The opinion of the court was delivered by: Reggie B. Walton United States District Judge
Currently before the Court is the government's Motion for Clarification of the Opinion of April 5, 2006, Concerning Ex Parte Submissions Under CIPA Section 4, or in the Alternative, Motion for Reconsideration, and the defendant's opposition thereto. At issue in the government's motion is whether the Court intended to restrict Section 4 proceedings to classified information that had already been deemed discoverable. To prevail on such a motion, courts have concluded that the movant must demonstrate that there has been "an intervening change in controlling law," there is "new evidence," or there is a "need to correct clear error or prevent manifest injustice." United States v. Yakouu, Crim. No. 03-449, 2004 WL 884545, at *2 (D.D.C. Apr. 9, 2004); accord Fed. R. Civ. P. 59(e). For the reasons set forth below, the government's motion is granted because the Court concludes that it must correct a clear error of law.*fn1
Section 4 of the Classified Information Procedures Act ("CIPA") provides, in pertinent part, that
[t]he court, upon a sufficient showing, may authorize the United States to delete specified items of classified information from documents to be made available to the defendant through discovery under the Federal Rules of Criminal Procedure, to substitute a summary of the information for such classified documents, or to substitute a statement admitting relevant facts that the classified information would tend to prove.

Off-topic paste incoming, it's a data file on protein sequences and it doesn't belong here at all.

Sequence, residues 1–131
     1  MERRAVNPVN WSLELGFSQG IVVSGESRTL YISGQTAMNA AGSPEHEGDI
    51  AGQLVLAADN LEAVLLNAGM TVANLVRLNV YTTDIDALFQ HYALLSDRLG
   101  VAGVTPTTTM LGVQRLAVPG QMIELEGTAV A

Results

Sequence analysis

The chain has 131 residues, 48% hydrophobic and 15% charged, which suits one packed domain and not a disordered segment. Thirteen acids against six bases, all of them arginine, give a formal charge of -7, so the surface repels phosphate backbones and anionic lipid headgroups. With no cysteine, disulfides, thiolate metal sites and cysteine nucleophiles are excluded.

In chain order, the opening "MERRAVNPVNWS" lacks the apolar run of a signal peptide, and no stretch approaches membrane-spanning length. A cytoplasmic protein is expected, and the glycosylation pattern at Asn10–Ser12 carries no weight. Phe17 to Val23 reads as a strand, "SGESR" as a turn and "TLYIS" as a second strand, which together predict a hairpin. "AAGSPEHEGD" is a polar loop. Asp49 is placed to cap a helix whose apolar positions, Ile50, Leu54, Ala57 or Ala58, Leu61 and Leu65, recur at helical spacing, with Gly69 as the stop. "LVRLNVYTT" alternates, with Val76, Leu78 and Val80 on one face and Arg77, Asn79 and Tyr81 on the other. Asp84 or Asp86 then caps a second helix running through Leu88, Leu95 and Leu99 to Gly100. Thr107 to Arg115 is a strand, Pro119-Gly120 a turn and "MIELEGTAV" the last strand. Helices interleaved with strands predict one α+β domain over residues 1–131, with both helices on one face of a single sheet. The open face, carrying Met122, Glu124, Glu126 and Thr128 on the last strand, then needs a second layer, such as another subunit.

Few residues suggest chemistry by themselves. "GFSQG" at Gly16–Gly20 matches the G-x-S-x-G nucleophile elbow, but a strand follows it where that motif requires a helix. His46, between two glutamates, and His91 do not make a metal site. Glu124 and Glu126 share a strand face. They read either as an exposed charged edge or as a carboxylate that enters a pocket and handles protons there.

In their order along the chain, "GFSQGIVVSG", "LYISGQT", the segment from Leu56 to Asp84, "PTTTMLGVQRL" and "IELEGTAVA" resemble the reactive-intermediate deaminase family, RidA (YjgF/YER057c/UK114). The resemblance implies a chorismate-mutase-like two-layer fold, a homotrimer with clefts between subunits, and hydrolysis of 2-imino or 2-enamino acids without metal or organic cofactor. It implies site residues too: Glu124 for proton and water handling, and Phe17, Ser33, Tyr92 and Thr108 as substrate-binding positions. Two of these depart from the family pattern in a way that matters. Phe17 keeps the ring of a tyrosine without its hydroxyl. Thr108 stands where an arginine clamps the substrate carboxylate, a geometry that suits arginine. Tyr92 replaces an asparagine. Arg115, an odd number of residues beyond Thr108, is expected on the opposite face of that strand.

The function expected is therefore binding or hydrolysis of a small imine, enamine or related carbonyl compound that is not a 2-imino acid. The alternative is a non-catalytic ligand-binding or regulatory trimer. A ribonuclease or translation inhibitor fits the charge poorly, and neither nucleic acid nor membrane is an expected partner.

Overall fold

18 U.S.C. Appx. III, § 4. In this Court's April 5, 2006 Memorandum Opinion, it concluded that "[b]y its terms, Section 4 applies only after it has been determined that documents are discoverable." United States v. Libby, ____ F. Supp. 2d ____, ____, 2006 WL 862345, at *3 (D.D.C. Apr. 5, 2006). Accordingly, this Court held that arguments challenging the materiality of a classified document could not be made in an ex parte pleading; rather, such arguments must be fully litigated between the parties. Id. The Court's holding was made, in part, based on the context of what had already transpired in this case, that being the materiality challenges having been fully litigated in earlier pleadings. Id.